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I was wondering if I can make a stored procedure that insert values into dynamic table.

I tried

create procedure asd
(@table varchar(10), @id int)
    insert into @table values (@id)

also defining @table as table var

Thanks for your help!

share|improve this question
No, you cannot use a parameter for the table name. If you want this functionality, you'll have to use dynamic SQL - e.g. concatenate together your SQL as a NVARCHAR(X) string and then execute it – marc_s Mar 23 '13 at 12:42
That you want something like this means that you are doing it wrong. Writing these kinds of "meta" procedures that can do anything is not clever. It is inherently dangerous and less efficient than writing procedures that do specific work, like insert into one table. It also is a telltale sign of poor application design, i.e. a code smell. – Tomalak Mar 23 '13 at 12:49
Has your question been answered, or do you require further help? – Tom.Bowen89 Apr 2 '13 at 9:31
up vote 2 down vote accepted

This might work for you.

(@table nvarchar(10), @id int)
    DECLARE @sql nvarchar(max)
    SET @sql = 'INSERT INTO ' + @table + ' (id) VALUES (' + CAST(@id AS nvarchar(max)) + ')'
    EXEC sp_executesql @sql

See more here:

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u have to change it into nvarchar insted of varchar but it works ty all :) – DnL Mar 23 '13 at 22:19
Updated my post, if this works for you, please upvote/accept as answer. Your welcome. – YvesR Mar 24 '13 at 9:05

You'll need to use Dynamic SQL.

To create Dynamic SQL, you need to build up the query as a string. Using IF statements and other logic to add your variables, etc.

Declare a text variable and use this to concatenate together your desired SQL.

You can then execute this code using the EXEC command


DECLARE @TableOne VARCHAR(20) = 'TableOne'
DECLARE @TableTwo VARCHAR(20) = 'TableTwo'


IF (@SomeInt = 1)
    SET @SQL = @SQL + @TableOne

IF (@SomeInt = 2)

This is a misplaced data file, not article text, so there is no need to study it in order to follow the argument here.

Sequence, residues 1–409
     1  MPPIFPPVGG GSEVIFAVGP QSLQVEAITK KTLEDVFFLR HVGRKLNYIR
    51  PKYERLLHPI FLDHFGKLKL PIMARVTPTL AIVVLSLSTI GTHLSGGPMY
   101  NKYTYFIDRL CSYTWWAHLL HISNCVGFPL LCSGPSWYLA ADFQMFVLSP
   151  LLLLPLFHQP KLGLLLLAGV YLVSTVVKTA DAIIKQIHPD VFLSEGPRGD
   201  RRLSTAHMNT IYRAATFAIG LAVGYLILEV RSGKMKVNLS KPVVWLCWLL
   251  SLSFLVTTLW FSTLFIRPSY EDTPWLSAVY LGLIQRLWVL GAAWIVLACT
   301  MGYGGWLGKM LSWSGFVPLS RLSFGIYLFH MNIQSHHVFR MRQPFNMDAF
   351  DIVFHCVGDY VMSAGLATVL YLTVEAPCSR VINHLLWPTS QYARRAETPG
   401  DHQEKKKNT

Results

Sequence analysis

SET @SQL = @SQL + @TableTwo

SET @SQL = @SQL + ' VALUES....etc'


However, something you should really watch out for when using this method is a security problem called SQL Injection.

You can read up on that here.

One way to guard against SQL injection is to validate against it in your code before passing the variables to SQL-Server.

An alternative way (or probably best used in conjecture) is instead of using the EXEC command, use a built-in stored procedure called sp_executesql.

Details can be found here and usage description is here.

You'll have to build your SQL slightly differently and pass your parameters to the stored procedure as arguments as well as the @SQL.

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Yes, to implement this directly, you need dynamic SQL, as others have suggested. However, I would also agree with the comment by @Tomalak that attempts at universality of this kind might result in less secure or less efficient (or both) code.

If you feel that you must have this level of dynamicity, you could try the following approach, which, although requiring more effort than plain dynamic SQL, is almost the same as the latter but without the just mentioned drawbacks.

The idea is first to create all the necessary insert procedures, one for every table in which you want to insert this many values of this kind (i.e., as per your example, exactly one int value). It is crucial to name those procedures uniformly, for instance using this template: TablenameInsert where Tablename is the target table's name.

Next, create this universal insert procedure of yours as follows:

  @TableName sysname,
  @Value int
  DECLARE @SPName sysname;
  SET @SPName = @TableName + 'Insert';
  EXECUTE @SPName @Value;

As can be seen from the manual, when invoking a module with the EXECUTE command, you can specify a variable instead of the actual module name. The variable in this case should be of a string type and is supposed to contain the name of the module to execute. This is not dynamic SQL, because the syntax is not the same. (For this to be dynamic SQL, the variable would need to be enclosed in brackets.) Instead, this is essentially parametrising of the module name, probably the only kind of natively supported name parametrisation in (Transact-)SQL.

Like I said, this requires more effort than dynamic SQL, because you still have to create all the many stored procedures that this universal SP should be able to invoke. Nevertheless, as a result, you get code that is both secure (the @SPName variable is viewed by the server only as a name, not as an arbitrary snippet of SQL) and efficient (the actual stored procedure being invoked already exists, i.e. it is already compiled and has a query plan).

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